Now that our collective consciousness has been saturated with dust-, scratch-, and stain-free images, some photographers, illustrators and graphic artists are spending their processing time adding just the right amount of grit, grime, and goo to their images to set them apart from the increasingly ordinary flood of work on the cheap stock market.

And no, grunge isn’t new, and neither are the type of edges seen in the altered images of the snapdragons. Well before Photoshop or digital images, photographers distressed their prints using a variety of methods not excluding grease and toxic chemicals.

There have been techniques to achieve the rough and tumble, aged look seen in the snapdragon images since Adobe Photoshop© first appeared in 1990, but in order to achieve many similar effects, one had to first understand the relatively complex processes required to achieve similar results, and then implement the techniques on machines that crunched the data while you showered and ate breakfast. Only then could you could view the results of your commands, and then the results were unpredictable at best.

Instead of waiting hours, it now takes just a few seconds to render results on the newer, faster generation of mobile devices. And because most of these apps are so easy to use, I’ve been transferring images to my phone to alter them with apps instead of using a full-blown image editing program like Photoshop. For only $10, you can download enough apps to to mess up even the cleanest images beyond recognition. Here are just a few of the photo apps that photographers, designers and artists can use to create dramatically altered images:

pink snapdragon

Grunge effect added in photo app, picfx. I found effects resulted in edges very similar to Photographic Edges' edge masking templates, with added features for textures.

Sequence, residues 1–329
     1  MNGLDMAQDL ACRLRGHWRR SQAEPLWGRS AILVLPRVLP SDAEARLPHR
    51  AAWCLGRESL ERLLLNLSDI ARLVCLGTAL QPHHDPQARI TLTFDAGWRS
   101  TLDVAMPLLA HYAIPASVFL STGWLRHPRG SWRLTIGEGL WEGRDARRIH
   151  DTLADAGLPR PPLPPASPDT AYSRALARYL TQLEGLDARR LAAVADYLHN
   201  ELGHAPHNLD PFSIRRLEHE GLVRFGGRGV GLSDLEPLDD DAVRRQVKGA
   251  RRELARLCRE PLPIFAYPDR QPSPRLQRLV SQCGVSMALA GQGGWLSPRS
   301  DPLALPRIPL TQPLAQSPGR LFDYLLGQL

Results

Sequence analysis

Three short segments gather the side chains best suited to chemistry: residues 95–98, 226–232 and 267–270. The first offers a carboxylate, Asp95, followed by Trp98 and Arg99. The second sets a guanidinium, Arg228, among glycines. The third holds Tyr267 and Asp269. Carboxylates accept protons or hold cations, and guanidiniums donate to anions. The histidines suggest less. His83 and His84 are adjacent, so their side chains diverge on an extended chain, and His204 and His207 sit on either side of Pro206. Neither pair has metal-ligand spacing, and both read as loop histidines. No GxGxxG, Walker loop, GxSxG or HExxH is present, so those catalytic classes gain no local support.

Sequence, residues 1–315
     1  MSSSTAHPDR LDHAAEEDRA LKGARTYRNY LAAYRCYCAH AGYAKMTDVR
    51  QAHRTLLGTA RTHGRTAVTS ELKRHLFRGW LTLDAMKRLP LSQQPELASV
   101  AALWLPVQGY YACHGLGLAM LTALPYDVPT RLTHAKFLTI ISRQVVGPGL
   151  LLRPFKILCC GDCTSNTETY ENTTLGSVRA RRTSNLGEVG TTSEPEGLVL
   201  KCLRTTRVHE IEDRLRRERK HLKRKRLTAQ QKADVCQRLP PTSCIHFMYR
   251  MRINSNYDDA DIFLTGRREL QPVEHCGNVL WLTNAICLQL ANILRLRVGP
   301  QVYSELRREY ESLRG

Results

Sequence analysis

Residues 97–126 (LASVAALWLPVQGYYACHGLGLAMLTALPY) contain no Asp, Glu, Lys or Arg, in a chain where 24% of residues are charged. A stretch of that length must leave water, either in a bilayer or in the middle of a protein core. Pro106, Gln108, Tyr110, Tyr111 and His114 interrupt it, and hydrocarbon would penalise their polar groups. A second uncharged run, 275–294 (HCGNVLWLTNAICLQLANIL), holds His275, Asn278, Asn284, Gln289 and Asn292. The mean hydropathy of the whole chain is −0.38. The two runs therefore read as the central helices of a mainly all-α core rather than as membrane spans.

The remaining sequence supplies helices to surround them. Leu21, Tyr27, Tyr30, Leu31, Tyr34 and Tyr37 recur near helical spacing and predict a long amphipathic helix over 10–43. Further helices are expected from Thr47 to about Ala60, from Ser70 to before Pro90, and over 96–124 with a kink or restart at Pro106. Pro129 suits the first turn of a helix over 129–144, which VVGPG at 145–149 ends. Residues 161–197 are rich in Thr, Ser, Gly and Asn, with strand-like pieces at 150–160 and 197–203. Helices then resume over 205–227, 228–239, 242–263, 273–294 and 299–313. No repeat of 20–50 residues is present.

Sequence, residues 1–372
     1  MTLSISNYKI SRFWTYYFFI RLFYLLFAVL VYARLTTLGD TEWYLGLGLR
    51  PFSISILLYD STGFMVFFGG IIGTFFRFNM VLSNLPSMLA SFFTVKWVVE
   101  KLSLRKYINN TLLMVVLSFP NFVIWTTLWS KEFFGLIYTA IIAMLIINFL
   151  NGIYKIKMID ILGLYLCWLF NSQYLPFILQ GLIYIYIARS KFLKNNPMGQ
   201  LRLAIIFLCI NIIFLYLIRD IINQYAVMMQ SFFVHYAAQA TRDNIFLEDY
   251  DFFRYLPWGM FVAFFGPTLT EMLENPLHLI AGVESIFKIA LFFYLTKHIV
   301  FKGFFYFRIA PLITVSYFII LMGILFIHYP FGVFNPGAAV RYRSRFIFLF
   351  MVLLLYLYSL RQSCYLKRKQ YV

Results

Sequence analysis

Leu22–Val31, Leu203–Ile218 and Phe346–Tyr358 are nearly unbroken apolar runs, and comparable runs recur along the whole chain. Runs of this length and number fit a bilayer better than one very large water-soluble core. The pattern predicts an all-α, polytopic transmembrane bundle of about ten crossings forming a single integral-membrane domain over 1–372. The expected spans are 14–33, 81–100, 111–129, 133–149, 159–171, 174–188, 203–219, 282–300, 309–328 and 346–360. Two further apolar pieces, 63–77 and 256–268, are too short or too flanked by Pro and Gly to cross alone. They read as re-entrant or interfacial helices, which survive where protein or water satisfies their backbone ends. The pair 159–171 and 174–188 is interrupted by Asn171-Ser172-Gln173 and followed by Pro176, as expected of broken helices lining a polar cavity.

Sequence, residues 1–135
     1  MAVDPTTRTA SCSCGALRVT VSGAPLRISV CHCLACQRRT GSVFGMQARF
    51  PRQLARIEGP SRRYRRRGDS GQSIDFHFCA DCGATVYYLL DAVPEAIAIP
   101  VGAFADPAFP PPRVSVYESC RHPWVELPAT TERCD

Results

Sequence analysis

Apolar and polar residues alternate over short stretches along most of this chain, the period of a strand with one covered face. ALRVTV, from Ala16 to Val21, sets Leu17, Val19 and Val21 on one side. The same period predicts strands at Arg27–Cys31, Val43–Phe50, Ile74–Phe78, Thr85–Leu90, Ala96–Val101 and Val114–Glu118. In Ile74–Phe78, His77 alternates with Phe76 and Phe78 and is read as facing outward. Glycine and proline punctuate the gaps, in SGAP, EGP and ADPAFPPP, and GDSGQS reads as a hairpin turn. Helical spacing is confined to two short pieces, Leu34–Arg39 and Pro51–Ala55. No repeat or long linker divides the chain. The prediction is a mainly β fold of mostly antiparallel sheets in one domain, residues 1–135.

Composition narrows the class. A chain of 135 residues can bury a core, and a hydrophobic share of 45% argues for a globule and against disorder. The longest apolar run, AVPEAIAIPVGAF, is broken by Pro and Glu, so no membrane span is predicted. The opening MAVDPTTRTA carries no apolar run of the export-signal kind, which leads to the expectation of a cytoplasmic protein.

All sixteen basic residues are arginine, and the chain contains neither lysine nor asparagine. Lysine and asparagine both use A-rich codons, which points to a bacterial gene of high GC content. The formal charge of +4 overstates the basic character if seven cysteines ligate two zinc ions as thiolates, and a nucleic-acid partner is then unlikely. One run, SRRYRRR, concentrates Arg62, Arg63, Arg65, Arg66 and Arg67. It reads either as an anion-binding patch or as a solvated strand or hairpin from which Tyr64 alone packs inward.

pink snapdragon with grunge and aging

After applying the grunge effect, I applied a second, aged paper effect.

Oswald introduces the characters at Oak Creek Comics

Oak Creek Comics Intro

Oak Creek Comics is all about encouraging individuals to follow their passion, whether that passion happens to be creating or collecting art.

Comics, graphic novels, newspapers, magazines, Anime, note cards, greeting cards, baseball cards, Magic The Gathering® cards, etc. all have something in common. Artists want to preserve and protect their artwork, either for storage or for sale. Collectors want to protect their paper collectibles.

To that end, the characters at Oak Creek are following their passion by introducing Oak Creek Comics. From time to time, the Oak Creek Comics characters will appear in strips published on the Oak Creek Printworks blog, introducing you to the land, art and artists of Oak Creek.

And don’t forget, we’re always interested in helping artists follow their passion, so tell us what your passion is. Maybe we’ll feature your artwork and your story on our blog, and maybe you’ll be our next “featured artist.”

As always, we’re standing by to help you protect and display your artwork. Visit the Oak Creek Printworks Store to view the wide range of products for packaging and presenting artwork in any format.

If you’d like to see more Oak Creek Comics, then let’s go visit Oswald and the gang.